Professor, Physical Chemistry
Carbohydrate material is more plentiful in the biosphere than all other organic matter combined, and polysaccharides like starch, cellulose, chitin, agar, carrageenan,and pectin are gaining attention as renewable feedstocks for biodegradable plastics materials. Our research is directed at characterizing the interactions between starch and lignin in starch-kraft lignin-glycerol thermoplastic blends. Starch and lignin are two abundant agricultural feedstocks that could provide a large sustainable source of biodegradable plastics materials, but such applications require improving their materials performance through a better understanding of their interactions. We hypothesize that the chemical and physical properties of the components can be manipulated in order to optimize starch-lignin compatibilization, leading to applications such as biodegradable plastic film and foam for packaging and other applications.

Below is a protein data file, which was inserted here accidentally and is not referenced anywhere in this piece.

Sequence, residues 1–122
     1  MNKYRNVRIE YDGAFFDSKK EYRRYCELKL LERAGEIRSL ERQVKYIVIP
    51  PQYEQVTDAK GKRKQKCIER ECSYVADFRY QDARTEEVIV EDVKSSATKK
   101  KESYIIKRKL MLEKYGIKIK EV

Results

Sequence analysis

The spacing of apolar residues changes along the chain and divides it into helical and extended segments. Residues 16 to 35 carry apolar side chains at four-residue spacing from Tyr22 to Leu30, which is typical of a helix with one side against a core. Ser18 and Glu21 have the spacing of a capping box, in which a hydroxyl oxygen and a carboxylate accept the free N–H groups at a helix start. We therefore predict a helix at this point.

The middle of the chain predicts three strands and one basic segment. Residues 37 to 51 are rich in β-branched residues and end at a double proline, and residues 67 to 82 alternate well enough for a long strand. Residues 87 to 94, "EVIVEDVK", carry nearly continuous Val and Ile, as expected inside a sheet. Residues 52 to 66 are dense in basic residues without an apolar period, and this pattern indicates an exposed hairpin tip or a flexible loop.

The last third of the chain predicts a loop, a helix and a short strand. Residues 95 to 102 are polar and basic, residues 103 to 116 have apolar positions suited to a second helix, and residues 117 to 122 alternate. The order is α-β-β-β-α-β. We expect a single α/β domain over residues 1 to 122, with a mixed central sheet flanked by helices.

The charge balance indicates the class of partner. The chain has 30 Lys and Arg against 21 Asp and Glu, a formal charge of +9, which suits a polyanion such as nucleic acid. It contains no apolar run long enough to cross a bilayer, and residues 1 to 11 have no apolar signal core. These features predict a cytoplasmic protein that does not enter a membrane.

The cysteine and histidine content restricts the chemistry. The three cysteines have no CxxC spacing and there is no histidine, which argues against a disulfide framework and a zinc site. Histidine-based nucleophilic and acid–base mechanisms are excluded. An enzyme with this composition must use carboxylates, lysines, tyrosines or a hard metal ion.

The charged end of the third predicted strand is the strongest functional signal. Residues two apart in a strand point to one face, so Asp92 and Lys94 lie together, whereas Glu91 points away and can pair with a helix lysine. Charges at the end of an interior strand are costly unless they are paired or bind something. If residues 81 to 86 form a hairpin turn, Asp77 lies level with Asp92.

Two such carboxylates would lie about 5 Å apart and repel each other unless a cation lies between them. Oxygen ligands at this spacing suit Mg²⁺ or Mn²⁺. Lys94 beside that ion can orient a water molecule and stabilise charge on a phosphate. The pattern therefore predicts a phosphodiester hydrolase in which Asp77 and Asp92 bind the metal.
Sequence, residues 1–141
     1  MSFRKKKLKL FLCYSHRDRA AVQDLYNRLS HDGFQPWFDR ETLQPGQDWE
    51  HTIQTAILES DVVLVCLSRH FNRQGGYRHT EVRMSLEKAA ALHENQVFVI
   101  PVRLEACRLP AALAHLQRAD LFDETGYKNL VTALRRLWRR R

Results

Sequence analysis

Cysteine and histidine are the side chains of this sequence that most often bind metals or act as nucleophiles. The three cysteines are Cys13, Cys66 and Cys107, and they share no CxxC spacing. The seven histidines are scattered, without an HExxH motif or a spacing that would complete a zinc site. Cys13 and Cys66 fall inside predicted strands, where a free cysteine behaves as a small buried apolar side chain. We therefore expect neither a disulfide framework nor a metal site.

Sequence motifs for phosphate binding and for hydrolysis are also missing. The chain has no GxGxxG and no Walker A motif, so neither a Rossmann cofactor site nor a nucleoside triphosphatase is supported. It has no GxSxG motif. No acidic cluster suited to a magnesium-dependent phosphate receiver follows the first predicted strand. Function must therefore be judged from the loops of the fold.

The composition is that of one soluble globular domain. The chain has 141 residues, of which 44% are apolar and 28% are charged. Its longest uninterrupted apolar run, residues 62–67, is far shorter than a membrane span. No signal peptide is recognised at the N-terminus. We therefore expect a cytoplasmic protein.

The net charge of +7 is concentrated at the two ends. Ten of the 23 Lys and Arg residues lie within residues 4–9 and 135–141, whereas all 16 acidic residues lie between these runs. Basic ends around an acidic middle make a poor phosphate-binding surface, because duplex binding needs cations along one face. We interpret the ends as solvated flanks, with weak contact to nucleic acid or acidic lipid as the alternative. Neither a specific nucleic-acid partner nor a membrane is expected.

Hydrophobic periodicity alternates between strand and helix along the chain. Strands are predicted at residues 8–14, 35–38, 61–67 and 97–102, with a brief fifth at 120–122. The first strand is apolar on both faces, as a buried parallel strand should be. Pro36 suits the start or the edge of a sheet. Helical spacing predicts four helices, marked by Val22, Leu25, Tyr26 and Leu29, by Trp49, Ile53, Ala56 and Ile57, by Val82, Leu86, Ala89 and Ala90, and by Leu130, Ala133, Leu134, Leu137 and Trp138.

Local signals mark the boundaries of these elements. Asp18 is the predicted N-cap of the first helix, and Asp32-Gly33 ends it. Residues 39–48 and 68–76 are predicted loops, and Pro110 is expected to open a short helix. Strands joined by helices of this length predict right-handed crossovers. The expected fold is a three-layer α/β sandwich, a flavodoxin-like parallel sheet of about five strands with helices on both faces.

E. S. Stevens, A. Klamczynski, G. M. Glenn, "Starch-Lignin Foams," eXPRESS Polymer Letters, 2010, 4, 311-320.
M. Singh, J. Milano, E. S. Stevens, R. D. Ashby, D. K. Y. Solaiman, “Gelatin Films Plasticized with a Simulated Biodiesel Coproduct Stream,” eXPRESS Polymer Letters, 2009, 3, 201-206.
E. S. Stevens, R. S. Ashby, D. K. Y. Solaiman, “Gelatin Plasticized with a Biodiesel Coproduct Stream,” Journal of Biobased Materials and Bioenergy, 2009, 3, 57-61.
E. S. Stevens, J. L. Willett, R. L. Shogren, “Thermoplastic Starch-Kraft Lignin-Glycerol Blends,” Journal of Biobased Materials and Bioenergy, 2007, 1, 351-359.
“Green Plastics. An Introduction to the New Science of Biodegradable Plastics,” E. S. Stevens, Princeton University Press, Princeton, N.J., 2002.
Last Updated: 9/20/13